It is that time again, when clothing choices are not mere subjects of fancy and fashion but tangible margins of safety. While the exact percentage is up for debate, thermoregulation on and of the head remains the easiest way to get a leg up here. Last winter I wrote about hats, and this summer wrote about a new favorite visor. What follows are my current thoughts on this subject.

Upper body layering system for winter cold: 120 g/m wool t-shirt, Cap 4 hoody, Cirrus windshirt, MEC Reflex, Buff, Neutro visor, OR Omni gloves.

I find a small brim handy most of the time.  When lenses fog it will keep snow out of your eyes, and on sunny days act with glasses to fight snowblindness.  As I mentioned above, the Neutro dries well enough that I’ve continued using it on almost every trip since the snow started flying.  For warmth I’ve taken to wearing it over my original Buff.  The Buff keeps my ears warm, and doesn’t move around no matter the activity.  Often this isn’t enough, and that is when the Cap 4 hood comes into play.  No Josh, I didn’t cut the second layer out.  Hoods are better than hats, if they are designed as well as this one, because they seal out every little draft.

Lately I’ve been playing with the Icebreaker version of the Buff, to see how pure wool does in this role.  The Icebreaker is bigger in both diameter and length, which is appreciated as I find the Buff a bit too small when twisted in half as a double-layered beanie.  Having an extra is a good idea, to switch out when they get sweaty, and because small things like this often get lost.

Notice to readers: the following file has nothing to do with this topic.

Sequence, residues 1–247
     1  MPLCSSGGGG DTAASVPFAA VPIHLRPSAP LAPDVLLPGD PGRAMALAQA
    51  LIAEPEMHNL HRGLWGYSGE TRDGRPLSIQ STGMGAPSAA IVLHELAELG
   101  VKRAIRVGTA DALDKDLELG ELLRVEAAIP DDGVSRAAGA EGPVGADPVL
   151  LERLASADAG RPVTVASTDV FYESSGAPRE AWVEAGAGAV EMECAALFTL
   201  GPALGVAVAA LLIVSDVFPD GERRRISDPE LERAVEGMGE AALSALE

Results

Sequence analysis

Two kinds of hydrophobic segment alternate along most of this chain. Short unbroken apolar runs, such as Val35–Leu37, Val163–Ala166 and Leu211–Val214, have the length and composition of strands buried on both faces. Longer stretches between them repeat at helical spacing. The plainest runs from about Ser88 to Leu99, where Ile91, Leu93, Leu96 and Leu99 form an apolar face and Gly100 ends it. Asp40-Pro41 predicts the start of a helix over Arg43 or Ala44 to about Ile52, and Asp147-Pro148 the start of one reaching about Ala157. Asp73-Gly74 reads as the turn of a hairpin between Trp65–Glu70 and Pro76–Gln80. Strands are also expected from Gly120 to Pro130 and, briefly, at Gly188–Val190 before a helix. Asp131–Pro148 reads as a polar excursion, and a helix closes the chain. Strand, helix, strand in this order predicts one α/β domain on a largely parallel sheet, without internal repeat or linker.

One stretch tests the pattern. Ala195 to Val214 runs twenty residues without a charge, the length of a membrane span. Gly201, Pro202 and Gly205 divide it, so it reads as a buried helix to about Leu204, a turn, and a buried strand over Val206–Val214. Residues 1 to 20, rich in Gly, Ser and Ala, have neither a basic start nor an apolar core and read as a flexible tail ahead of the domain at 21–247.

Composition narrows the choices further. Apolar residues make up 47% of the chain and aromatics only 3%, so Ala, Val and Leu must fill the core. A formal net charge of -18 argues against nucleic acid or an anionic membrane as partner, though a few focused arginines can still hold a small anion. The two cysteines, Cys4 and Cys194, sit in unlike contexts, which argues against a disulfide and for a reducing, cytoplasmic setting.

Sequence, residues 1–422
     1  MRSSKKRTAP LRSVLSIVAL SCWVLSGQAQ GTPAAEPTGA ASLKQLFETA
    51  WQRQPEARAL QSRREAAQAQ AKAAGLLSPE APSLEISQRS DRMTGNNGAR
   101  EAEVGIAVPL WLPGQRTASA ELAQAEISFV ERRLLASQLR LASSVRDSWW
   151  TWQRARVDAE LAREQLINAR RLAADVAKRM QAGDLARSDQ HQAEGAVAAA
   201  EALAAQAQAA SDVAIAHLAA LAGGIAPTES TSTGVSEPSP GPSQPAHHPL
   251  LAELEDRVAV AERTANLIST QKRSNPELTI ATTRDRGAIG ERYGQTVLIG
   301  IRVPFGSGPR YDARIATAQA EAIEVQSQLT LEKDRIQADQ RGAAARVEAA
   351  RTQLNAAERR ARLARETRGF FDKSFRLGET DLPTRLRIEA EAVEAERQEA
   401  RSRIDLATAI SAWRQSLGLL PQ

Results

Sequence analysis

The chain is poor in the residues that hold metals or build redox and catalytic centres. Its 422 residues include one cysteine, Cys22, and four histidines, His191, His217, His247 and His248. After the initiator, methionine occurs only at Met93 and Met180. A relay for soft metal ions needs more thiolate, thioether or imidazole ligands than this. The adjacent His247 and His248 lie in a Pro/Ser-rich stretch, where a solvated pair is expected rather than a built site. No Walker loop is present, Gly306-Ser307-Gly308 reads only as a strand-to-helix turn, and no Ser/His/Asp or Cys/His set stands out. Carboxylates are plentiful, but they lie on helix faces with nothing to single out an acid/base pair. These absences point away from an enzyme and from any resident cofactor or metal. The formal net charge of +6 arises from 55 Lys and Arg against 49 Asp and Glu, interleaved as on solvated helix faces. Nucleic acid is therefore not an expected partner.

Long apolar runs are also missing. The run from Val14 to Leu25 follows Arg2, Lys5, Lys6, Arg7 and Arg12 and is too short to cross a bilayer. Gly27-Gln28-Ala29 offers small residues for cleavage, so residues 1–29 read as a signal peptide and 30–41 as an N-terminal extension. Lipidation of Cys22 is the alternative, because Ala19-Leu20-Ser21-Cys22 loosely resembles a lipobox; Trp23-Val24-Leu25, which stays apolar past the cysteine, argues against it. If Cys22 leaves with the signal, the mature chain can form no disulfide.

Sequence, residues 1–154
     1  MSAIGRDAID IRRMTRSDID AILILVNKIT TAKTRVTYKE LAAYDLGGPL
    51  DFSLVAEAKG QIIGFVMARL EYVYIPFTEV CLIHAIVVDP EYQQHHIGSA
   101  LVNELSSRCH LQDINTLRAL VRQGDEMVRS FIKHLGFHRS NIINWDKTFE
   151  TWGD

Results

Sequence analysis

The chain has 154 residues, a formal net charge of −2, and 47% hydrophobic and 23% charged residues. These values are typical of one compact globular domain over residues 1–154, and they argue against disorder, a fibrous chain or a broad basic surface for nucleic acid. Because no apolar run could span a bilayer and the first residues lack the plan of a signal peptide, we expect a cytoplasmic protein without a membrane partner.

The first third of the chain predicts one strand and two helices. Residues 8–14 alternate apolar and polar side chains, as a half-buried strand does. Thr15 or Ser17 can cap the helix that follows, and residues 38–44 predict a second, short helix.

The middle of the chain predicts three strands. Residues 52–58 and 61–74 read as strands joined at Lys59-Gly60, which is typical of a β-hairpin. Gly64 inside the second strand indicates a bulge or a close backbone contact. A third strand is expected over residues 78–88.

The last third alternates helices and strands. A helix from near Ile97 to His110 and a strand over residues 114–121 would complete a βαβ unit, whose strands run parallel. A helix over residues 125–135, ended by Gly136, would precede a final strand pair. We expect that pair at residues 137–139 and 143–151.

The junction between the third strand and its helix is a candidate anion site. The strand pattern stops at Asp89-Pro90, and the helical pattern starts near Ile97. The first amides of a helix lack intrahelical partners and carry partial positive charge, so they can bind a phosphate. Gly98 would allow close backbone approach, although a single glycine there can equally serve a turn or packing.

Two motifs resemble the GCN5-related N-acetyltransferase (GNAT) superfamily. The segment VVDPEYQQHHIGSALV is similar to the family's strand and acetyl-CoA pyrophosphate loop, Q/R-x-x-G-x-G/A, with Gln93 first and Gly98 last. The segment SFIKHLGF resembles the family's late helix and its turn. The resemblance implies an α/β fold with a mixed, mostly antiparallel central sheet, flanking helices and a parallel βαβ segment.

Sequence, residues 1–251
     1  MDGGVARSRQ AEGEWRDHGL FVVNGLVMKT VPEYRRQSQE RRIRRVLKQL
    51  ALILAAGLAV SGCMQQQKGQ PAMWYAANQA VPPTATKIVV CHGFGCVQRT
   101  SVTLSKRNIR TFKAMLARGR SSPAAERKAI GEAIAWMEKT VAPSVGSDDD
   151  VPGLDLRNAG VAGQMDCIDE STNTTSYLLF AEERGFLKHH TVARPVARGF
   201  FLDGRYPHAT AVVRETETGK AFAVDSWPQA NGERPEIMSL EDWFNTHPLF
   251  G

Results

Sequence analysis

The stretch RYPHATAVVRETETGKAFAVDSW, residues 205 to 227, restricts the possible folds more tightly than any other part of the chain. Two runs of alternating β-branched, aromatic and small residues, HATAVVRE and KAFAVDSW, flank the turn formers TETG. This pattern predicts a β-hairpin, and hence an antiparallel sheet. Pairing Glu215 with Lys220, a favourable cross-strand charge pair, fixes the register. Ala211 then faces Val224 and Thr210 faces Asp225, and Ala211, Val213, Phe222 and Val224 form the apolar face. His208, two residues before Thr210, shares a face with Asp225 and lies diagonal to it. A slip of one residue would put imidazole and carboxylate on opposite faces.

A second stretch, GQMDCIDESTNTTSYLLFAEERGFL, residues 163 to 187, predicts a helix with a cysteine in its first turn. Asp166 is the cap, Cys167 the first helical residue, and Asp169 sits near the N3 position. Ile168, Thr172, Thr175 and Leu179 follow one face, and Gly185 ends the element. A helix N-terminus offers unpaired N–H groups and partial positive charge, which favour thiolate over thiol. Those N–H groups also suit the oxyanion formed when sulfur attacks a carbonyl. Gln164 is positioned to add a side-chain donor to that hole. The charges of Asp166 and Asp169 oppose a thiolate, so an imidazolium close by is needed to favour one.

Occasionally more warmth is desirable, or for day trips and walks around town something less technical is nice.  My new favorite here is the Swix Gunde hat shown above.  Still quite light, with a wool/acrylic main fabric and a polypro liner in the headband.  Warm, but not too warm, not scratchy even after many days, and long enough to cover my ears.  The poof on top is steezy but not practical, as it doesn’t fit well under a hood, and doesn’t fit under a helmet at all.  It can be easily removed by cutting a few strings inside the crown.

No doubt my arsenal of hats will continue to grow, but these are the ones I have now, and they work well.